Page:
Sutter Supervisor-elect Sullenger draws on business acumen
If the economy is a lemon, Sutter County Supervisor-elect Ron Sullenger said he is giving himself four years to work on making it into "suitable lemonade."
Sullenger, who will be sworn in early next year to represent northern Yuba City and Live Oak on the Board of Supervisors, said his recipe for suitable lemonade is business experience, a willingness to be tough and common sense.
"One of the things I've learned is you can't always throw money at a problem and expect it to be solved," said Sullenger, 72. "You need to surround yourself with the best minds and best advice available."
A nearly lifelong resident of Sutter County — his local family roots go back to the late 19th century — Sullenger started, grew and sold two successful small businesses and raised a family before county government began to intrigue him in recent years.
Though there was not one particular action that compelled him to run for office, Sullenger said he got a cumulative sense of leaders working more in defense of the way things are than to make the county's situation better.
But as revenues have shrunken in recent years, he said, the mindset has to change.
"There are many good things we need from bureaucracy," he said, describing public safety as one of them. "But we need to establish spending priorities and find things we can downsize or streamline."
As one example, he cited the need for the county to get out of managing the cash-strapped airport. The county should work together more with the city of Yuba City, and work more closely with the city of Live Oak to make it a business destination, he said.
Though he said he is sure running the county is not exactly like running a business, supervisors should not be afraid to think creatively, examine critically and recognize not every decision will be popular with everyone.
With an eye toward the latter, Sullenger said, supervisors also should not see their role as a career, adding he plans to serve no more than two terms and thinks there should be an imposed limit.
"It's like an athlete who begins reading press clippings," he said. "You're somebody now, and you don't want to give that power up."
Longtime friend and occasional business partner Byron Shinkle of Yuba City said Sullenger's traits, in a way, make him ill suited for politics.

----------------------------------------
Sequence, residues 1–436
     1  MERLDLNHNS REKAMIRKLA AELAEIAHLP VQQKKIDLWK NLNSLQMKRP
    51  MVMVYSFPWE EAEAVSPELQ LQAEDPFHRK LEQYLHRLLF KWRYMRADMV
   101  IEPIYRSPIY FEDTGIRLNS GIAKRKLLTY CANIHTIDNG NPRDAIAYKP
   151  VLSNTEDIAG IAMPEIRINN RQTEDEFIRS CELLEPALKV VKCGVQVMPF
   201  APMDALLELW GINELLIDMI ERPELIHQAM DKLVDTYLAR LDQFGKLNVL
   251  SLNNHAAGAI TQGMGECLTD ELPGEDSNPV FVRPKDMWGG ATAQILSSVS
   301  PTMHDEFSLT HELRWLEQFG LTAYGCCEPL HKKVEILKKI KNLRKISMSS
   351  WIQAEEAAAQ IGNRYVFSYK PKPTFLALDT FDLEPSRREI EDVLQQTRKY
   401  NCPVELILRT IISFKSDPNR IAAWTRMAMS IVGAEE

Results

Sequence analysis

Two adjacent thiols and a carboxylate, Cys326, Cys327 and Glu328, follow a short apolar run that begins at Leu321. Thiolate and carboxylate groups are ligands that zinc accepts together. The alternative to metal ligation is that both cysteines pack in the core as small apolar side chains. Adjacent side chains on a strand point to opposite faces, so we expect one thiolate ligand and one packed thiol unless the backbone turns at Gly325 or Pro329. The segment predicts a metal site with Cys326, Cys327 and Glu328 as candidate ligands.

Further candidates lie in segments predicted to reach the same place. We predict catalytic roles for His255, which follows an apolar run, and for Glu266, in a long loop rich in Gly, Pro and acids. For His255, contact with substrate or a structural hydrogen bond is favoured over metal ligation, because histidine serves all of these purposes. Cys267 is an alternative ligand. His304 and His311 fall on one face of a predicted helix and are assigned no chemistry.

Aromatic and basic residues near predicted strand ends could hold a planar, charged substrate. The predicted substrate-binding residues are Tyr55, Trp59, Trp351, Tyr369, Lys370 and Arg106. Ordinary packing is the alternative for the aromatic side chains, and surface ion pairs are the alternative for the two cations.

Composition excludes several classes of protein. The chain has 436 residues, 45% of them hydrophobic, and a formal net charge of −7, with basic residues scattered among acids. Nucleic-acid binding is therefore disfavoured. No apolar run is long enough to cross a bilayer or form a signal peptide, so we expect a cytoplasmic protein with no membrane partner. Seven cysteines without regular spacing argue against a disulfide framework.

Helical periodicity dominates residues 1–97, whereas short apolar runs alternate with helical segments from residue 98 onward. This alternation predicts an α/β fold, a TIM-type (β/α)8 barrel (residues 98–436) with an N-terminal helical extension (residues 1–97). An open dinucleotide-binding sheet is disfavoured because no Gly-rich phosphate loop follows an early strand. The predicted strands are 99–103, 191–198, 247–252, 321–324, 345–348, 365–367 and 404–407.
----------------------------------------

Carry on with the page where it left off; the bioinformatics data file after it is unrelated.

"He's the kind of guy that if he tells you he's going to do something, he does it. And if he tells you he's not going to do something, he won't," Shinkle said. "We're about to find out what the definition of a public servant really is."
As Sullenger described how he will approach his role, he veered between being gently critical of how the county works, to frustrated, and, occasionally, even angry.
His plan to use his role as a bully pulpit, he said, is from the playbook of a person he considers his political mentor, former Supervisor Joe Benatar, who had a similar approach.
"I see no reason why you shouldn't bring up issues that somehow get under the table and people don't want to talk about," Benatar said.
Constituents should expect Sullenger not to take what he is told for granted, said Benatar, who served on the board for 16 years.
"He'll be quite an asset, and not a yes-man," Benatar said, adding he expects Sullenger will cast a particularly keen eye on the budget, from recommendations by the county administrator to what's proposed for various departments.
But Sullenger said he does not want other supervisors or county officials to get the wrong idea. He wants to work with people, and both admit and learn what he does not know. And county residents, he said, should know he is not coming in with any agenda other than making county government effective.
"I want to let folks know there are still some of us who are not beholden to anyone," he said.
CONTACT Ben van der Meer at email@example.com or 749-4786. Find him on Facebook at /ADbvandermeer or on Twitter at @ADbvandermeer.